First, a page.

They came with names including Noah, Anirudh, Harriet, Jai, Tej, Faith, Anika, Harpita and Harpith.
Aged between 8-13 they were vying for 26 places in TEN’s new reality show, The Great Australian Spelling Bee.
This was the Blind Auditions of spelling, a MasterChef of the L-E-X-I-C-O-N in which little kids with big dreams and backstories put it all on the line for a shot at the series title. Up for grabs are a Macquarie Dictionary, a computer, $10,000 educational goods for the winner’s school, $50,000 towards their education and a shiny trophy.
With its stirring music and families with hearts in their mouths -and even an actual shiny floor- this opening gambit was here to connect viewer with talent before heading into its series gameplay. Unless I’m mistaken it even had the same bloke who voices MasterChef there for audience reassurance.
From the mouths of babes, the show delivered some heartwarming unscripted moments.
“Spell to your limits!” declared one kid.
“It’s not just the New South Wales spelling bee. It’s the Australian spelling bee!” beamed another.
“Grant was a lot shorter than I thought,” quipped one.
And Pronouncer Chris Edmund even reminded one of Dumbledore from Harry Potter. So much for those years running WAAPA’s Drama department.
But the kids were wonderfully multicultural and B-U-O-Y-A-N-T. Like the bright-eyed ankle-biters of Junior MasterChef and The Voice Kids (also produced by Shine Australia), they were bursting with optimism. Take that you cynical cooking show competitors.
One child, Jai, was born deaf and watches TV with subtitles. Tej eats, sleeps and breathes cricket. Drew had overcome hurdles of having spelled everything backwards.
The backstories did their job. Amongst these whiz-kids were aspiring pilots, chemical engineers, N-E-U-R-O-S-C-I-E-N-T-I-S-T-S, veterinarians -and a kid who loves his rubber chicken. Reality again proves it is the most diverse of our genres because it by-passes traditional casting routes.
Grant Denyer eased us through the moments of joy and the harsh realities of competition with some encouraging words for those who didn’t make the cut.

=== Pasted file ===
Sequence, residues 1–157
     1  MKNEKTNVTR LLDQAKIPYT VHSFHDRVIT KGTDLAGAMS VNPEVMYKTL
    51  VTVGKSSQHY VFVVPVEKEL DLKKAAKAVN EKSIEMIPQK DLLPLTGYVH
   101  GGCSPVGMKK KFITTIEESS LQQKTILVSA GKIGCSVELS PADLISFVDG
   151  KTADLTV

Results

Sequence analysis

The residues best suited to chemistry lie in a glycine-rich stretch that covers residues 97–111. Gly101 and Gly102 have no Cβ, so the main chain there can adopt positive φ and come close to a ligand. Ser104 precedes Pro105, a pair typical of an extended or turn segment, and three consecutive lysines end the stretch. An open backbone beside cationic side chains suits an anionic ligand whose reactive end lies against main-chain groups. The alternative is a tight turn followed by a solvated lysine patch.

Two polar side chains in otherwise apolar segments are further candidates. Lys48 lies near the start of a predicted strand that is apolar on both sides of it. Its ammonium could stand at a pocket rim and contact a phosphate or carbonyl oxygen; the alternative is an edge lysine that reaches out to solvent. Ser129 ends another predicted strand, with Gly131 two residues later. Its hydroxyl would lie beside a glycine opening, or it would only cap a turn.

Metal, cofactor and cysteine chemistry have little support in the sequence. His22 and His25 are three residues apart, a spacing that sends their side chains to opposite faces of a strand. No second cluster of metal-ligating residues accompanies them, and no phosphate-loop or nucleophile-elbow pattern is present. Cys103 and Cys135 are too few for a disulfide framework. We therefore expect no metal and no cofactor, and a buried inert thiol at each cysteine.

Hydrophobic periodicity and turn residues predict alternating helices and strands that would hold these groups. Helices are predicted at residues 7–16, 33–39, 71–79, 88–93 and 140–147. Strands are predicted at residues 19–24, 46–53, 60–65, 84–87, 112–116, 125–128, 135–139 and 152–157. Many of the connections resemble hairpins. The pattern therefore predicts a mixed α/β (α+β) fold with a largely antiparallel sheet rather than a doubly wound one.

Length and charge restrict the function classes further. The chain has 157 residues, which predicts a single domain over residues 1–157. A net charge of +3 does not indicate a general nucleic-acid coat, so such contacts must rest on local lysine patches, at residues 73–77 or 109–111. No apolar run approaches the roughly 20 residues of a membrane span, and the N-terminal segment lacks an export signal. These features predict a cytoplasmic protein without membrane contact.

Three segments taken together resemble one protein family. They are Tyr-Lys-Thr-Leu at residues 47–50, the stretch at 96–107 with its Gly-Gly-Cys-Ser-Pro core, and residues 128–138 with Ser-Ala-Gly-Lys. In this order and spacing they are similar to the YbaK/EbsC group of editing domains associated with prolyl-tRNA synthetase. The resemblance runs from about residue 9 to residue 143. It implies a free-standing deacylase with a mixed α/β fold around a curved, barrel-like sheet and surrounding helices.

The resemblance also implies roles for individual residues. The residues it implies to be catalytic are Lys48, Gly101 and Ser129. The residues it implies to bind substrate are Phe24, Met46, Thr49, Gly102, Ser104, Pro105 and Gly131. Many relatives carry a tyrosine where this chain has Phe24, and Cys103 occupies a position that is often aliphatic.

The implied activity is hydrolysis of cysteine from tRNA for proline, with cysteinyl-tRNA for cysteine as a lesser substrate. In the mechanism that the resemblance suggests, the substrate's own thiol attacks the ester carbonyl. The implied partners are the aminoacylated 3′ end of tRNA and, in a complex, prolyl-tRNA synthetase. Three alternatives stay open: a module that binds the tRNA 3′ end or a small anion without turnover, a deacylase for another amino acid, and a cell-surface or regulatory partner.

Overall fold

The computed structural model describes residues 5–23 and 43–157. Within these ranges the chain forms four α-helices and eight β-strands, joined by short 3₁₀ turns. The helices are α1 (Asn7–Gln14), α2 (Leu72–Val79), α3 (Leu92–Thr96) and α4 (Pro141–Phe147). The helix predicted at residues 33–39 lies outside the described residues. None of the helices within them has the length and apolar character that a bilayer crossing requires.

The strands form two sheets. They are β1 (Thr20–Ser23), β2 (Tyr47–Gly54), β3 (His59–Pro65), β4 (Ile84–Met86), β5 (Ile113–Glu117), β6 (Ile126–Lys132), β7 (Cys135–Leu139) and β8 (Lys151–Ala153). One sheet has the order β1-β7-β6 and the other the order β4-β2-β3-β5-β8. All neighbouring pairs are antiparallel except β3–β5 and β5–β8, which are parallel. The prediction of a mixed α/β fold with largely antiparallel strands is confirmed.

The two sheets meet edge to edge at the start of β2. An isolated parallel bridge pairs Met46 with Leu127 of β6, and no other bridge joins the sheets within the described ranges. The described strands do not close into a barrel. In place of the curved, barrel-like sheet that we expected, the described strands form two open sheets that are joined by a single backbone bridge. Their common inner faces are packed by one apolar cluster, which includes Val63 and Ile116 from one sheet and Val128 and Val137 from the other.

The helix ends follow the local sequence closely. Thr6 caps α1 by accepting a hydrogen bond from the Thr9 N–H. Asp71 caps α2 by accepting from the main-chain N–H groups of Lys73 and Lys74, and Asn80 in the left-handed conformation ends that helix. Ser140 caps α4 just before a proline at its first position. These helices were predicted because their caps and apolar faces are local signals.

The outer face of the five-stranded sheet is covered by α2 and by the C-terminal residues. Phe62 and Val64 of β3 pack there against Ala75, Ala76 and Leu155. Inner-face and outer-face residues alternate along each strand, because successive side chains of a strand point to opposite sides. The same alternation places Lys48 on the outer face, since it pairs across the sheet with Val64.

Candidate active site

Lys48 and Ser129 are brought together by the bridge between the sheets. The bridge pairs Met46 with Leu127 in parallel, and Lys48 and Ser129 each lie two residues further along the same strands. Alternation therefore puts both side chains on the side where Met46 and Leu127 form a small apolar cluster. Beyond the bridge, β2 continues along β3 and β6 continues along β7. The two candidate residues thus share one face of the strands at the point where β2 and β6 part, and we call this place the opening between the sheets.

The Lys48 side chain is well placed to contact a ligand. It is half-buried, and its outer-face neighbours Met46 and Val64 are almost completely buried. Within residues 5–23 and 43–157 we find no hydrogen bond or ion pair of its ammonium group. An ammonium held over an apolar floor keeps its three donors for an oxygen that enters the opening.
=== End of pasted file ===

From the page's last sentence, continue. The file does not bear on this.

Backstage Chrissie Swan held the hands of parents as the fate of their offspring turned on a dime. That’s all well and good, but I hope these roles are swapped as the competition develops, given two hosts is probably a little excessive. There should be no problem in sharing the gender as the driver of the show, when we’re out to set positive messages.
Some kids saw their run end with the misspelling of a single word -ouch. Others proceeded to 10 rounds and still didn’t make the cut. Double ouch.
The words were invariably tricky: zealot, ambivalent, cynicism, aplomb, carafe. Not a spell-check in sight. It seemed to be the luck of the draw as to who landed easier words, or merely lies in the eye of the beholder. This show worked hard to drive the drama to commercial-break C-L-I-F-F-H-A-N-G-E-R-S.
We were largely spared the tears from losers (how well one remembers the headlines when a kid cried on The Voice Kids). The show underlined its group spirit as competitors expressed encouragement and competition in bite-size sentences.
“On the one hand I want to help Blake, but on the other hand I want to win,” said one. Parents sighed in adoration. Producers thanked their lucky stars.
At 90 minutes this was a little on the long side and isn’t fully evident of the gameplay and constructs that will roll out across its six weeks (promos suggest more challenges and visuals are in store). But I have faith there is more up the sleeve to keep adults entertained.
On its first outing, Spelling Bee displayed enough emotive touchstones to warrant closer inspection and is infinitely more entertaining than Todd McKenney’s brief Celebrity Spelling Bee on Seven.
At least it isn’t cooking or renovating. B-O-N-U-S.
The Great Australian Spelling Bee airs 7:30pm Mondays and Tuesdays on TEN.